COURSE NAME: Investigating and Prosecuting Counterfeit and Pirated Goods (and E-Commerce Illicit Trade)
COURSE DATE: October 19th – November 18th, 2021
TIME: Tuesdays and Thursdays, 5:30pm-6:30pm EST
WHERE: Zoom Webinar
REGISTRATION DEADLINE: October 12th, 2021
Online Course & Certificate
This online course on Investigating and Prosecuting Counterfeit and Pirated Goods (and E-Commerce Illicit Trade) is taught by two internationally recognized experts on investigating and prosecuting intellectual property crimes, John H. Zacharia (Founder of Zacharia Law PLLC; Former Assistant Deputy Chief for Litigation of the Computer Crime and Intellectual Property Section of the U.S. Department of Justice’s Criminal Division; and Professorial Lecturer in Law at George Washington University Law School) and Steve K. Francis (Deputy Executive Associate Director of Homeland Security Investigations (HSI) and the Director of the National Intellectual Property Rights Coordination Center). The instruction will be in “real time” where students login to the virtual class on George Mason University’s platform. Students who successfully complete this executive development webinar will receive a certificate from the Anti-Illicit Trade Institute of the Terrorism, Transnational Crime, and Corruption Center (TraCCC), Schar School of Policy and Government.
The illicit trade in counterfeit and pirated goods poses major challenges to the global economy and to the health and safety of consumers. Criminal enterprises manufacture, reproduce and traffic in millions of counterfeit and pirated goods every year, generating billions of dollars in illicit proceeds from the sale of such illegal goods. According to the Organization for Economic Cooperation and Development (OECD), trade in counterfeit and pirated goods constituted 2.5% of world trade in 2019 (worth $464 billion).
Counterfeiting and piracy impacts almost every industry – from counterfeit pharmaceuticals, luxury goods, and consumer products to pirated music, motion pictures, software, and more. In addition, the problem of trafficking in counterfeit and pirated goods is not limited to goods trafficked in physical marketplaces – the problem is pervasive in digital marketplaces too. Just as the growing e-commerce sector has generated enormous opportunities for the global economy, online intellectual property (IP) crime has similarly evolved. IP criminals have used the borderless nature of the internet to make it harder for law enforcement agencies responsible for combating IP crimes to enforce the law. Further, constant innovation in technology makes it more difficult to track down evidence of IP criminal activity. Darknet hidden services are becoming more attractive for criminals, including online IP criminals, further complicating the process of identifying suspects and collecting evidence. And the COVID-19 pandemic has accelerated the illicit trade in counterfeit goods in particular.
Course Highlights and Features:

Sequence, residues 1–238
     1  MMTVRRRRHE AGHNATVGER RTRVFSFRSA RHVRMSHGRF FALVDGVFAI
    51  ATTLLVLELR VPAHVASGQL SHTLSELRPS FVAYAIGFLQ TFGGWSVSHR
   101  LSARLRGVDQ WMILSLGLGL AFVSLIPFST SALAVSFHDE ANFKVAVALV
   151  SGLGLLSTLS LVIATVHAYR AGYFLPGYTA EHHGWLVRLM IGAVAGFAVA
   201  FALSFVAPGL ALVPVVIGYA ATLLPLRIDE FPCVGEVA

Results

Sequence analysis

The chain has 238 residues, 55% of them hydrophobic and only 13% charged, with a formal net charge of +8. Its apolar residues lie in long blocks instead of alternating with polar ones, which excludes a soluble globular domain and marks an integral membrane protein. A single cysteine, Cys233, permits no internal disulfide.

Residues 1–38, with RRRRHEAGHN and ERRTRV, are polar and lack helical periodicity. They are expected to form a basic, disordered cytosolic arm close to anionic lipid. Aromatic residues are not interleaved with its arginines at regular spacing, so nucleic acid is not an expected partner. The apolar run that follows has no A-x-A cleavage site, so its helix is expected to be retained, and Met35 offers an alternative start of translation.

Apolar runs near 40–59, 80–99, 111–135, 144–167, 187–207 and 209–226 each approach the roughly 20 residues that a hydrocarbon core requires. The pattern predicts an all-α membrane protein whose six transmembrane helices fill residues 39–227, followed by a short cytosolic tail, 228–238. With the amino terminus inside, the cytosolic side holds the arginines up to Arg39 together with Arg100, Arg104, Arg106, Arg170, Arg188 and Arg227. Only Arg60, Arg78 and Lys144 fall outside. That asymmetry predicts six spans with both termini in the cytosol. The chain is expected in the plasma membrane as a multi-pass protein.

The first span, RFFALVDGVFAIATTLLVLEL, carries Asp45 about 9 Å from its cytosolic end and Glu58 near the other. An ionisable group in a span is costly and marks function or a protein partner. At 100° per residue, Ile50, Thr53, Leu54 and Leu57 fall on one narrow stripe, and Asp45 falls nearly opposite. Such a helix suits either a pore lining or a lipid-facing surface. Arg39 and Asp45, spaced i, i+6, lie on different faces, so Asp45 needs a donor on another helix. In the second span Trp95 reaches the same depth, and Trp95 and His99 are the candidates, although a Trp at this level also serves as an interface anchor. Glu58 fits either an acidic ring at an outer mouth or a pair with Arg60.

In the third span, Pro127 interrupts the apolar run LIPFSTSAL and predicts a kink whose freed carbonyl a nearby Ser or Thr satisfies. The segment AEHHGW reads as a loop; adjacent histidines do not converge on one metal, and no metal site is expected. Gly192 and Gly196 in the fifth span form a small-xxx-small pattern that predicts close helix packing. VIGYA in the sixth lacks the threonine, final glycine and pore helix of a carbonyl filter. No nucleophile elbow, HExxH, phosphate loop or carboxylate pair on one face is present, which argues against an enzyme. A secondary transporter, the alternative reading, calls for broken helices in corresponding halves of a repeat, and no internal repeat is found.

This course examines how criminal trafficking in goods bearing counterfeit trademarks and criminal copyright infringement (piracy) works, current issues, trends, and techniques used by today’s bad actors. The course will begin with an examination of the laws Congress enacted to combat these intellectual property crimes. Students will learn about the statutes, policies, principles, standards, and rules governing the investigation and prosecution of intellectual property crime cases. Then we will address how criminal copyright and criminal trademark counterfeiting cases are investigated and prosecuted in the United States. In doing so, we will explore why the successful investigation and prosecution of such cases increasingly requires cooperation and coordination with other countries. We will also walk through both actual and hypothetical cases in each of these areas. Finally, we will address how federal judges impose sentences and order both forfeiture and restitution in intellectual property crime cases.
The training webinar is aimed at professionals in all sectors and industries impacted by the illicit trade in counterfeit and pirated goods.
Topics covered in this five-week course over 10 sessions include the following:
Week 1 (Oct. 19 and 21)
I. Cross-Border Harms Posed by Counterfeit and Pirated Goods (The IP Threat Environment Today and Across the Digital World)
II. Felony and Misdemeanor Criminal Copyright Infringement
Week 2 (Oct. 26 and 28)
III. How to Prove Criminal Copyright Cases and the Problem of Darknet Hidden Services
IV. Criminal Trademark Counterfeiting and How Brand Owners Can Work with Law Enforcement
Week 3 (Nov. 2 and 5)
V. How to Prove Criminal Trademark Counterfeiting Cases, the Impact of E-Commerce, and Navigating the Gray Market
VI. Hypothetical and Actual Intellectual Property Crime Cases
Week 4 (Nov. 9 and 11)
VII. Building an Investigation and the Problem of Intellectual Property Infringement in a Global Environment – Part I
VIII. Building an Investigation and the Problem of Intellectual Property Infringement in a Global Environment – Part II
Week 5 (Nov. 16 and 18)
IX. Sentencing in Intellectual Property Criminal Cases
X. Asset Forfeiture in Intellectual Property Criminal Cases